The discounts, which went into effect Tuesday, have been met with confusion, skepticism and only a small amount of lukewarm enthusiasm. So far, voluntary enrollment has amounted to only about a half-million people -- far less than the 7 million the Centers for Medicare and Medicaid Services had anticipated. More than 2 million Medicare Advantage members were automatically enrolled in cards sponsored by their health plans but it is difficult to tell if they really want to participate.
The administration staunchly defends the cards and the discounts they offer -- and has said time and again it is making every effort on a local and national basis to present information to seniors. The government has spent -- and is spending -- millions of dollars advertising the discount cards and its toll free call center handles tens of thousands of calls from seniors daily.
It does not seem to be enough, though. The question remains, in a program slated to last only 18 months, is there enough time to get the kinks ironed out and make seniors happy? In 2006, the discount cards fade away and an even more contentious and complex permanent Medicare drug benefit takes effect.
This should be a real concern to the White House. At this point, President Bush needs to be able to declare the drug cards a victory on the campaign trail. But he cannot do so without seeing the Democrats pounce on the issue, pointing to current polls showing unhappy or indifferent seniors and lagging enrollment data.
Also, health policy experts are beginning to analyze the 2006 permanent drug benefit and are talking to seniors about it -- adding to the background noise at a time when Medicare beneficiaries need clarity.
The Kaiser Family Foundation this week released a report that contains surveys of seniors in Kansas City, Mo., Pittsburgh and Washington. It found significant senior concern about the drug cards -- on a zero to 100 scale with zero being very unfavorable the senior reactions netted a mean score of 31.
"It is definitely a confusing new world," Democratic pollster Geoff Garin, of Peter D. Hart Research Associates said during a Kaiser Webcast on the survey Thursday. "What we heard over and over again in the 10 focus groups is that people know very little about the substance of the benefit, they find the process of learning about it itself to be quite confusing, difficult to navigate."
The report said seniors who were queried in early May expressed puzzlement about the discounts, costs and benefits -- although seniors who took part in a second round of focus groups later in the month appeared to have somewhat greater knowledge of the program basics.
"You could already see in Kansas City there was more information," said Republican pollster Bill McInturff of Public Opinion Strategies. "Americans are consumers and markets work. People acquire information as they need it."
Though the overall reaction was negative, it moved to a more positive reading when seniors were asked about the program's extra $600 in benefits, on top of the discounts, for low-income recipients.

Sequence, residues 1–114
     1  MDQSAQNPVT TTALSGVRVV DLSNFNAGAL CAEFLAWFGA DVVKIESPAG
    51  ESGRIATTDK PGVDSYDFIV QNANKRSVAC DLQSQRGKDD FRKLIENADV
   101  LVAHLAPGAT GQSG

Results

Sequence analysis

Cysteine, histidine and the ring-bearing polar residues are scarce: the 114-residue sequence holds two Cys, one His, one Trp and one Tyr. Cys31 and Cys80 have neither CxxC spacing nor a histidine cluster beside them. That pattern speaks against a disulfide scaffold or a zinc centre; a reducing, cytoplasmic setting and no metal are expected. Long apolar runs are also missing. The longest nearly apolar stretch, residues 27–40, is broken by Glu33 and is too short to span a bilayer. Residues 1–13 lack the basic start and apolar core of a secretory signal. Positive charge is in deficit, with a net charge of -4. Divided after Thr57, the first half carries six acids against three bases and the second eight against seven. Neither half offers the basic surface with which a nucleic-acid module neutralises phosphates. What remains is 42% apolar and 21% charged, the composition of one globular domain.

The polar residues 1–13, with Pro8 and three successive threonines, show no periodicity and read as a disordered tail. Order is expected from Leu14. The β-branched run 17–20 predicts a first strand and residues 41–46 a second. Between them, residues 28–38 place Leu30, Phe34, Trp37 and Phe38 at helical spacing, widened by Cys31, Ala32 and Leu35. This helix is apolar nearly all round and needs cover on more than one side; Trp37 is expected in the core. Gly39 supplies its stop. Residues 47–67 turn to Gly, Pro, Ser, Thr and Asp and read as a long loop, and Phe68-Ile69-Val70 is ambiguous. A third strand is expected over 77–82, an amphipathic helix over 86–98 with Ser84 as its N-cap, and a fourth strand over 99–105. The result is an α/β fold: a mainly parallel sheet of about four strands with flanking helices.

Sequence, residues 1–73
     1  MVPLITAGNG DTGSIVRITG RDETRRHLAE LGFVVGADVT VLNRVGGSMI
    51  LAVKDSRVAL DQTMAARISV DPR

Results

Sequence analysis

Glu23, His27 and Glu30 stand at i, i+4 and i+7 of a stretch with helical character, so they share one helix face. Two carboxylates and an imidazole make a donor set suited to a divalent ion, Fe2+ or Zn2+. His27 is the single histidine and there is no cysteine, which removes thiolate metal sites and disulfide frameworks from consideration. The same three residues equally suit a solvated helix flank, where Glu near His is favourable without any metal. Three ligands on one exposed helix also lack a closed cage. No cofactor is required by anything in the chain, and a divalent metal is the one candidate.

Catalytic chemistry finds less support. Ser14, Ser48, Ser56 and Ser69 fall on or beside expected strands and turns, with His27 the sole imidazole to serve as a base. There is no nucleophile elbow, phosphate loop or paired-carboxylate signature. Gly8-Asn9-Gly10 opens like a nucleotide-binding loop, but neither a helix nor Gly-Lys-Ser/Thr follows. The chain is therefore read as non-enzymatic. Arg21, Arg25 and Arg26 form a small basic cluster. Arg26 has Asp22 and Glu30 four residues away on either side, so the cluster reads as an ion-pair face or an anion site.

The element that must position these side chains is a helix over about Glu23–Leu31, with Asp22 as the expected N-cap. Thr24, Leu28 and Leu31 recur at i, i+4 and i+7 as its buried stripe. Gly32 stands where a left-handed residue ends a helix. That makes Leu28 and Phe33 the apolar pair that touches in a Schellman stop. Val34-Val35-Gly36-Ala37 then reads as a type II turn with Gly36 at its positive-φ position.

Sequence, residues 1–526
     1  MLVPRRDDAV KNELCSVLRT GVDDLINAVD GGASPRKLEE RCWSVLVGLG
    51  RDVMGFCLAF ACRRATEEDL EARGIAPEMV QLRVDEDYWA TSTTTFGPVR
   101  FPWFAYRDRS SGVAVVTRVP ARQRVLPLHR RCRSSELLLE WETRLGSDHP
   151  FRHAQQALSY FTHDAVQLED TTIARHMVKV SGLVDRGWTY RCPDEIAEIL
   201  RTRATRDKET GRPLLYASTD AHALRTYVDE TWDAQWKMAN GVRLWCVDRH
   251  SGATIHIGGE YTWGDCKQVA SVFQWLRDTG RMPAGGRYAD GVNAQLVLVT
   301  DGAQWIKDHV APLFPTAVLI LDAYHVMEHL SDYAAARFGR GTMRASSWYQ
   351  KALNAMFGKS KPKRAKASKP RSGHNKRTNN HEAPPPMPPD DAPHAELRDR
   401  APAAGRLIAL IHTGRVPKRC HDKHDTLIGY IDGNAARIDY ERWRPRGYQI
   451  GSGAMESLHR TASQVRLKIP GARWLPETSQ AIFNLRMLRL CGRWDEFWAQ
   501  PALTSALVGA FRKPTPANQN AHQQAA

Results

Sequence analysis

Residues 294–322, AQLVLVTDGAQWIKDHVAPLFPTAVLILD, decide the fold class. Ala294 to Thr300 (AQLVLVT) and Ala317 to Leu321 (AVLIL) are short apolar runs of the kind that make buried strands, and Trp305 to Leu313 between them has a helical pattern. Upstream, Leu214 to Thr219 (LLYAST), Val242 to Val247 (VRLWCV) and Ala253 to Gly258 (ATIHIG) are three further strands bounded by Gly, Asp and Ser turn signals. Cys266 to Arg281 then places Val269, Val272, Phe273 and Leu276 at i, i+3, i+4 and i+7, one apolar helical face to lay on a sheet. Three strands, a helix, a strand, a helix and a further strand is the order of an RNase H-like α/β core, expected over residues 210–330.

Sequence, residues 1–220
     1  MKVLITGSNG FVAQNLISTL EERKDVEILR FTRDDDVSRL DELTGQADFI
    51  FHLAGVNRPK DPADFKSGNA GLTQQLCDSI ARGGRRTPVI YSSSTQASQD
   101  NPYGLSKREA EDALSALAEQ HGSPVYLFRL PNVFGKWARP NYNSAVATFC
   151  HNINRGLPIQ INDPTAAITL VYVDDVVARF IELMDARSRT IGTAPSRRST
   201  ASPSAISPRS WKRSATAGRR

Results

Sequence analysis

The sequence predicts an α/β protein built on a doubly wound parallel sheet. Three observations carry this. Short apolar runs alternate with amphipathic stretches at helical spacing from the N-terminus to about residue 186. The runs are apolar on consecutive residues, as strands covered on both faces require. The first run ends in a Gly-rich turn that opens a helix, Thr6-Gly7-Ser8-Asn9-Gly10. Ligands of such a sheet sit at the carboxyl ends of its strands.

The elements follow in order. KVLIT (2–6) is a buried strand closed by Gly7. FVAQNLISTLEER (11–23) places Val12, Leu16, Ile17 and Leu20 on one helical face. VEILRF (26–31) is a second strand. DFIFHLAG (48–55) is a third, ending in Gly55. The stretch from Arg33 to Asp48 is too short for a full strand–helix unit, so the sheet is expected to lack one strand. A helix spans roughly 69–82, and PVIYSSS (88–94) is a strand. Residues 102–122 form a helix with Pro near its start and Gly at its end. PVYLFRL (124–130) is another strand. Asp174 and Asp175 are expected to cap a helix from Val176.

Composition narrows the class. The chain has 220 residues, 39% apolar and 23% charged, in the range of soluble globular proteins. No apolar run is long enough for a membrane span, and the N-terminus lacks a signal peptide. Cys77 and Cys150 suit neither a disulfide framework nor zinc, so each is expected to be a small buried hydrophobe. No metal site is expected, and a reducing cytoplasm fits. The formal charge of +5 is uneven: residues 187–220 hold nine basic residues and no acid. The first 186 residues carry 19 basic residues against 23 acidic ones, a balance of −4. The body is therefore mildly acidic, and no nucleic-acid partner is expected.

"I'm just comfortable that over time people get the information that they need to make good consumer decisions and that will happen here," McInturff said.
Though CMS maintains a special Web site to help seniors make drug price comparisons among the discount cards, Kaiser's survey finds only 31 percent in the focus groups had ever used the Internet and that dropped to 15 percent of seniors with incomes below $20,000.
"I would say of all things, word of mouth is probably most important (information tool) and not particularly helpful or reliable at the moment," Garin said.
Garin said outside the Washington Beltway "there is not a big sense among seniors that Medicare has done them a big favor" with the drug discount cards or the 2006 permanent prescription benefit program. He said seniors do not think politicians understand how they live or what they can and cannot afford.
McInturff, who had said earlier that the drug cards would be a political victory for Bush, was more neutral now in his predictions.
"Today I can't say it's a big positive for Bush -- neither would I say it was a big negative," he said.
If the president wants to claim victory with seniors in November, that must change -- and change quickly. He needs to find a way to get seniors on board -- perhaps with an additional push from the seniors group known as AARP, which has been trying to educate its members about the program.
Democrats seem bent toward revenge -- trying to snatch back Medicare as an issue from the Republicans who, they feel, stole it from them last year by pushing through the Medicare Modernization Act, which mostly was carved from a GOP mold.
What happens in the next few weeks will depend on whether the Bush team can prevail on Medicare -- and do not count them out.
The senior vote, though perhaps not decisive enough to give John Kerry the election, could help Democrats in Congress pick up some needed seats toward winning back majorities -- thereby setting the stage for more changes in the Medicare law as those amendments take effect in 2006.
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